Wall Street has hit a historic high with the Dow Jones surging to close at 14,523 yesterday and beating its previous peak, which was before the global financial crisis.
It was the highest the market has ever been, up on its previous high of 14,087 recorded back in October 2007.
Stocks are expected to continue to post gains and economists say the surge will have a positive impact on Australia’s economy.
Paul Bloxham, chief economist at HSBC, told SmartCompany the record high has been driven by two key factors.
“First is the private sector is starting to improve in the US and the second is that monetary policy is very loose and is supplying more support for the economy and the equity market,” he says.
“There is more upside risk for the US economy than there is downside risk, the challenges remain fiscal challenges and can the government sort itself out enough to get out of the way to let private sector improve.”
Bloxham says Wall Street’s recovery is likely to have a positive impact on Australia’s economy and SMEs.
“We are a small, open economy tied to global conditions so it’s a good news story,” he says.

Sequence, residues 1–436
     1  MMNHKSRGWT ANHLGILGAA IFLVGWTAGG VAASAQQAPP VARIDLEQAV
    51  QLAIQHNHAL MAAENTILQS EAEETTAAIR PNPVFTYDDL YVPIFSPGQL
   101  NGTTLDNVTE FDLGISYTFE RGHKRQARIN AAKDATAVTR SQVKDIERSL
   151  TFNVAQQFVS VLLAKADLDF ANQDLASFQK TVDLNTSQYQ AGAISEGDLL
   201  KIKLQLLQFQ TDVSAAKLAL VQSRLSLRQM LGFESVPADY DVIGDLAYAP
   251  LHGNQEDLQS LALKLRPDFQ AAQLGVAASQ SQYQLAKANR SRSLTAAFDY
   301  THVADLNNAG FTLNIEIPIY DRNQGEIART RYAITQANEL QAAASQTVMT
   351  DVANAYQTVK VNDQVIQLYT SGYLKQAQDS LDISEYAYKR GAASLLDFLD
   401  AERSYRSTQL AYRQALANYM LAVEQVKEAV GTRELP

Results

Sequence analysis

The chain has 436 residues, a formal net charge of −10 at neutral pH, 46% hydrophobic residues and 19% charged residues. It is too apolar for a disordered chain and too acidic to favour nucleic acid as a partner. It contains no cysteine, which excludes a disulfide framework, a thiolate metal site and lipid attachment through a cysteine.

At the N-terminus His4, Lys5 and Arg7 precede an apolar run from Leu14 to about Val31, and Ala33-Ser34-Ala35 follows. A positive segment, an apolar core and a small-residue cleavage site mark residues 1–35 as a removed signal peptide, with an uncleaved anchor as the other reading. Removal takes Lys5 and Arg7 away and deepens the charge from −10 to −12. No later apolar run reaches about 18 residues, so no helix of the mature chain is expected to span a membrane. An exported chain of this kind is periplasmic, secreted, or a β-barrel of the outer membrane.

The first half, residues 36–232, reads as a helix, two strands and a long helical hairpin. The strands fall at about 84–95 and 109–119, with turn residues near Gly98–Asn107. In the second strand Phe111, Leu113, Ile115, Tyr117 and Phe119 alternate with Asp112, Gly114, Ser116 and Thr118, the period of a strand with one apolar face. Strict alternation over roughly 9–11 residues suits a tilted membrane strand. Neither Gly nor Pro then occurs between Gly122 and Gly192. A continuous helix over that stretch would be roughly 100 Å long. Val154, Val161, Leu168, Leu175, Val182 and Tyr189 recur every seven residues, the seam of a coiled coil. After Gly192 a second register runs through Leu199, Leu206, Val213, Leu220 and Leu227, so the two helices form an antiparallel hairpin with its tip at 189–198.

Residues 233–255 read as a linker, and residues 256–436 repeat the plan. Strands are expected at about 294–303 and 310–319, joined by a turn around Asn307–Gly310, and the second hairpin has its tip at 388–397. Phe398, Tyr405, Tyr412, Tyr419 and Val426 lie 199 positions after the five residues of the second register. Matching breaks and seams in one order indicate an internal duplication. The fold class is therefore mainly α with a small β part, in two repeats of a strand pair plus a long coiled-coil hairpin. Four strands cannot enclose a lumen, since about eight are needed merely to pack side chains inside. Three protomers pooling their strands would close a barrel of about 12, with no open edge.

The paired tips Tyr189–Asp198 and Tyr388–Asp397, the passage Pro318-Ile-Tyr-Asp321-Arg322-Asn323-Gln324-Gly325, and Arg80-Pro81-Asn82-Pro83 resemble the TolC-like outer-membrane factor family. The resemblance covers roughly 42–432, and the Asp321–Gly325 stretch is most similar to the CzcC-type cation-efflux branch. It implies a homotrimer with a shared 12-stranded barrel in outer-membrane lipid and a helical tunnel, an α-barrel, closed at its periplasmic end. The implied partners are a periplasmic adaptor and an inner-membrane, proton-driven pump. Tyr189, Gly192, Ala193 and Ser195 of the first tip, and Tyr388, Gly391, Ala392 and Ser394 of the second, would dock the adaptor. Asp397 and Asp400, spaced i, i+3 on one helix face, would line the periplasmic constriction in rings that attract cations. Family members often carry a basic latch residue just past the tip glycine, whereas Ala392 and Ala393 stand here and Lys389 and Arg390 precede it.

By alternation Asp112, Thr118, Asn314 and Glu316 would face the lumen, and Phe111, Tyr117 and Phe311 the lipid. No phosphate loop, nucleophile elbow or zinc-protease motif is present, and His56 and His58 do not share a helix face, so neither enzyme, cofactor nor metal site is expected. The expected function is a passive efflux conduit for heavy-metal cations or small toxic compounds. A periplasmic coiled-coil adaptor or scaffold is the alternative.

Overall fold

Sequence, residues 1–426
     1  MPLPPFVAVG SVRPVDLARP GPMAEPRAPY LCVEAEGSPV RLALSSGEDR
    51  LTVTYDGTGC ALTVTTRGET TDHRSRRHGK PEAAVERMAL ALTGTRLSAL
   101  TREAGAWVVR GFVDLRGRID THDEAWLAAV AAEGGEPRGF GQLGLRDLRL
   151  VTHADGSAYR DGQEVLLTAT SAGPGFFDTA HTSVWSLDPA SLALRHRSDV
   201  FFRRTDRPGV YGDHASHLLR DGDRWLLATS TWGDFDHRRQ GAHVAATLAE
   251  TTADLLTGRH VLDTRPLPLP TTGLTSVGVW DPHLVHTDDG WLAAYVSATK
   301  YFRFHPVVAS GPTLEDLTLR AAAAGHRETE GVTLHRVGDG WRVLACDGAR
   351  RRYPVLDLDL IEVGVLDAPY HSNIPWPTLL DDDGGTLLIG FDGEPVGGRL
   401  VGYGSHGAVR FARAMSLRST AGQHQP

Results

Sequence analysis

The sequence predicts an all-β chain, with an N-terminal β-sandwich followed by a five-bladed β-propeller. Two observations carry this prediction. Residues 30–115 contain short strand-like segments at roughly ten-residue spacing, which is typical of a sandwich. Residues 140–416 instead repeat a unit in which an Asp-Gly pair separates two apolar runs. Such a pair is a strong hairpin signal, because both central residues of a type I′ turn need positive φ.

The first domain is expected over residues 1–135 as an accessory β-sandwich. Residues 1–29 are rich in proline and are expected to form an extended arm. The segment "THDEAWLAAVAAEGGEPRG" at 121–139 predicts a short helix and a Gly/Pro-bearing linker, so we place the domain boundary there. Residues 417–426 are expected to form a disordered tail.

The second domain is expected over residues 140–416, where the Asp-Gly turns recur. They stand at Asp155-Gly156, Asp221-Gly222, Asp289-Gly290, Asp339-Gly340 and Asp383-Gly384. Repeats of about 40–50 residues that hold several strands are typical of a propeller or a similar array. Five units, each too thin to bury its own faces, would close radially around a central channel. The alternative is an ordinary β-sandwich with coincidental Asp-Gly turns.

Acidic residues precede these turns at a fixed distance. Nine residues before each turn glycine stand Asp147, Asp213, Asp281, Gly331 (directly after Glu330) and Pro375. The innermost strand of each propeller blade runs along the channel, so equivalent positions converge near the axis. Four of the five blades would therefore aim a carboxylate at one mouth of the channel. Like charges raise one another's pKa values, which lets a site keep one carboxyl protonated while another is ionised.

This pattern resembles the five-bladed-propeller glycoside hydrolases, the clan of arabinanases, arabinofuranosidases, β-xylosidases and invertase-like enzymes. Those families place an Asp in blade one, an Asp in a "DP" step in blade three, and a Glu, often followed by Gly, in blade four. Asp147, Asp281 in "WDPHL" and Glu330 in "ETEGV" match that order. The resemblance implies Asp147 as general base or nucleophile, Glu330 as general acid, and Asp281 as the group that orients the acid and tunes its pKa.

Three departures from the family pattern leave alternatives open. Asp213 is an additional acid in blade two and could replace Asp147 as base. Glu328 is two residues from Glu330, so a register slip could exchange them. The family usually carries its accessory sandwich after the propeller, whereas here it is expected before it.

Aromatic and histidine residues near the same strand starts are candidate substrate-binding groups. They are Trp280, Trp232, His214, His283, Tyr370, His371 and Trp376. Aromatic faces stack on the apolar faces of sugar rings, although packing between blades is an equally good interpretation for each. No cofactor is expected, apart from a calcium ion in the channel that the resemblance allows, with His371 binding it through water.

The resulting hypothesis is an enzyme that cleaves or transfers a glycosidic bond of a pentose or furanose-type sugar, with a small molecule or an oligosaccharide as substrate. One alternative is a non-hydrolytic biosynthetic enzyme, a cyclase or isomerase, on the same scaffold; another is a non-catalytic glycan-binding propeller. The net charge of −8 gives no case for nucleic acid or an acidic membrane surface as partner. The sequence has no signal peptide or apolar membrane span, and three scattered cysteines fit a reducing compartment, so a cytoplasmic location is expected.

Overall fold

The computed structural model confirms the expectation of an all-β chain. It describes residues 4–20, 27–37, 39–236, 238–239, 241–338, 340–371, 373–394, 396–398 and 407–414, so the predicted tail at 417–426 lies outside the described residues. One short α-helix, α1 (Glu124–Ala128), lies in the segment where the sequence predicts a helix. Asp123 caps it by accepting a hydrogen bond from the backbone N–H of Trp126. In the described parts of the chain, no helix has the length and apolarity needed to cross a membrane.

“It’s a more positive environment so global sentiment is good for local small business; one of the things constraining businesses getting involved and getting finance is negative sentiment.”
CommSec chief economist Craig James also believes Wall Street’s bull run is significant.
“It has solid underpinnings, some will claim it is all due to policy with interest rates at zero and the government effectively printing money through quantitative easing, but you have basically seen the same growth in profits as the index, it is well supported,” he says.
“Looking ahead the sequester is going to slow growth to some extent and that could affect earnings but the housing market and export markets continue to perform.”
James says there needs to be a period of consolidation in the United States but the Australian stock market is likely to also soar.
“For Australia, I think our market will continue to rise, the most important thing is to look at total returns rather than the all ordinaries, as we place greater emphasis on dividends. So I think in the next couple of weeks our market will reach record highs on the accumulation index,” he says.
James says Wall Street’s record high signals the US financial market is back and, with less risk globally, that should provide confidence for SMEs to move ahead in Australia “rather than sitting on their hands”.
“Confidence has been the key missing ingredient in our economy; you have plenty of stimulus but nobody has been willing to embrace that stimulus,” he says.
The Australian S&P/ASX200 hit an all-time high of 6829 points in November 2007. Yesterday, it closed at 5116.
This piece has been adapted from one first posted at LeadingCompany’s sister site, SmartCompany.